The key to writing convincing historical fiction is remembering that your characters are the most modern people of their day.
So says Andrew Greig, author of the first in our series of interviews with writers starring at this year’s Brewin Dolphin Borders Book Festival.
Greig’s Fair Helen has made it onto the shortlist for the £25,000 Walter Scott Prize for Historical Fiction.
The Stirling-born writer has taken a well-known Border song, The Ballad of Fair Helen of Kirkconnel Lea, as the inspiration for his novel.
Set in the lawless Borderland of the 1590s, it tells how Harry Langton is called back to the country of his childhood to aide an old friend, Adam Fleming, who believes his life is in danger.
He’s fallen for Helen of Annandale and, in turn, fallen foul of her rival: a man as violent as he is influential.
Entrusted as guard to the lovers’ secret trysts, Langton is thrust into the middle of a dangerous triangle; and discovers Helen is not so chaste as she is fair.
But Langton has his own secrets to keep – and other friends to serve.
Speaking to The Southern from his home in Edinburgh, Greig says it was only when he went to stay with a friend near Lockerbie and got the chance to visit the real Kirkconnel, that the idea of a novel featuring the area really came alive in his imagination.
Greig, the author of 21 books of both prose and poetry, told us: “When I saw it as a real place, with the churchyard, gravestones and the burn, that’s when I knew I could make it into a novel.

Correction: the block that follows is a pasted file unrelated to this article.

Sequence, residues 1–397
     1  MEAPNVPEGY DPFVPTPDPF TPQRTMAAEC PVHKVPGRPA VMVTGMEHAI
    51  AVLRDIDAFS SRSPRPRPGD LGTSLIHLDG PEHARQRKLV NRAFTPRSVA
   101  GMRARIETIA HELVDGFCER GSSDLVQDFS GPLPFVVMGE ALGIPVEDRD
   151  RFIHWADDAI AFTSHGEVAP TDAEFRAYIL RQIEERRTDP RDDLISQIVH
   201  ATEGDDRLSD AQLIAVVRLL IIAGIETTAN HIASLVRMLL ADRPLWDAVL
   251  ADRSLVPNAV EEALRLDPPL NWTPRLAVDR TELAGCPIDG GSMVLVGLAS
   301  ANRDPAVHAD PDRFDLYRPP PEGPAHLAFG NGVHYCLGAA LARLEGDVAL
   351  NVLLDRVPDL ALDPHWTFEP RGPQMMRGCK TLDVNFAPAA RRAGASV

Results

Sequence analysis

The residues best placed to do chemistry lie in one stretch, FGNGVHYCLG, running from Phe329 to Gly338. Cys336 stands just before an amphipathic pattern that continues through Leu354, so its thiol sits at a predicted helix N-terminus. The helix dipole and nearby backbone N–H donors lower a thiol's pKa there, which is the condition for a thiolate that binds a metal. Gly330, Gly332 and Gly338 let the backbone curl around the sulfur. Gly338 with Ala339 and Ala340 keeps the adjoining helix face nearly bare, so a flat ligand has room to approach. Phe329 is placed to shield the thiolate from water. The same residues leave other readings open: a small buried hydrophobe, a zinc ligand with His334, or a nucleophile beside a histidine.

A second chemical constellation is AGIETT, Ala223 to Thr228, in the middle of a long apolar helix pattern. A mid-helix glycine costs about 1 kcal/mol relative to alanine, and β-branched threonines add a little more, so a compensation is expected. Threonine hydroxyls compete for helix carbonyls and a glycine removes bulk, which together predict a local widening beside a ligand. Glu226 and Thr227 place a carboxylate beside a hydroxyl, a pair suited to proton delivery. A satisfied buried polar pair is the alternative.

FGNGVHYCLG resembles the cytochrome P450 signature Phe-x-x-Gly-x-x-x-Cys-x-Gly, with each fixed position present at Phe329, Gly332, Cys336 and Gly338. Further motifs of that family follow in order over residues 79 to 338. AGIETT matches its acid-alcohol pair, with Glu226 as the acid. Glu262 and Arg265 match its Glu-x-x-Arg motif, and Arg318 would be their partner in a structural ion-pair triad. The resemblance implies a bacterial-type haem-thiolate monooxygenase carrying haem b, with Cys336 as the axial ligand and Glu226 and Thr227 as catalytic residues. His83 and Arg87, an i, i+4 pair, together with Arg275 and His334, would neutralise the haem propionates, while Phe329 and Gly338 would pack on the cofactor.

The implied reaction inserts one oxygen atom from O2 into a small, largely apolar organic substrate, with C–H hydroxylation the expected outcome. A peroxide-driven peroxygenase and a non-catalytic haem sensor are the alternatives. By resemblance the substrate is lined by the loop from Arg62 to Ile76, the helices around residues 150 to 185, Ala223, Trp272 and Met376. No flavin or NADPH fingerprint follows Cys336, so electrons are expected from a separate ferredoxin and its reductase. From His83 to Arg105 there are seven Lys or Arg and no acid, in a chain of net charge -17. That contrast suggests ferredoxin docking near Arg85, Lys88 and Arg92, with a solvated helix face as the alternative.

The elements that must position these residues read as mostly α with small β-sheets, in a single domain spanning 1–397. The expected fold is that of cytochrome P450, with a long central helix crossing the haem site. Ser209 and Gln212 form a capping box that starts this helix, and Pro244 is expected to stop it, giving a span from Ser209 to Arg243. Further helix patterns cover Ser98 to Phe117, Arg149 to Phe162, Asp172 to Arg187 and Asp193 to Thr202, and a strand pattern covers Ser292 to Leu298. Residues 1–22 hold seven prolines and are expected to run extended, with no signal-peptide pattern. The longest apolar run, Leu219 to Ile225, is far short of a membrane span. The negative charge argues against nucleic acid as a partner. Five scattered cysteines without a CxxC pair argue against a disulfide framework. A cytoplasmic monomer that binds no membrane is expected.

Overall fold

“When I was there, I felt the same rain on my face as those people did in 1597, felt the same wind and sun as them and it was that sense of connection that I needed to be able to write successfully about the past.”
And he stressed that remembering 1597 was the present day for his characters was the secret: “The novel is set in 1597 and that’s not the past for the characters - it’s the present and that’s what I always had to remember.
“When they were alive they didn’t know what was going to happen next – to them they were the most modern people in the world.”
Greig says he didn’t stick totally to the language of the 16th century for his characters, using more modern English, but scattered with Scots and bits of Latin and French, like “salt on porridge”, as the main character works as a translator.
He said: “If I’d written all the dialogue in 16th century Scots no-one would have read it. Those books filled with words like gadzooks sound very dated now, although they wouldn’t have been then - if indeed they did speak like that.
“But because 1597 is the present day in the novel, I wanted the reader to share that sense and so needed to use more modern language.”
Greig is delighted his book has made it onto the shortlist and says there’s been plenty of published historical work on the time of the reivers, but less in the way of fiction.
And he sees ballads like Fair Helen as more akin to Norse sagas; often sung, but also spoken.
He commented: “These were being written when the subjects were still alive – they were being mythologised during their lifetime – kind of like the days of the old Wild West and Billy the Kid.”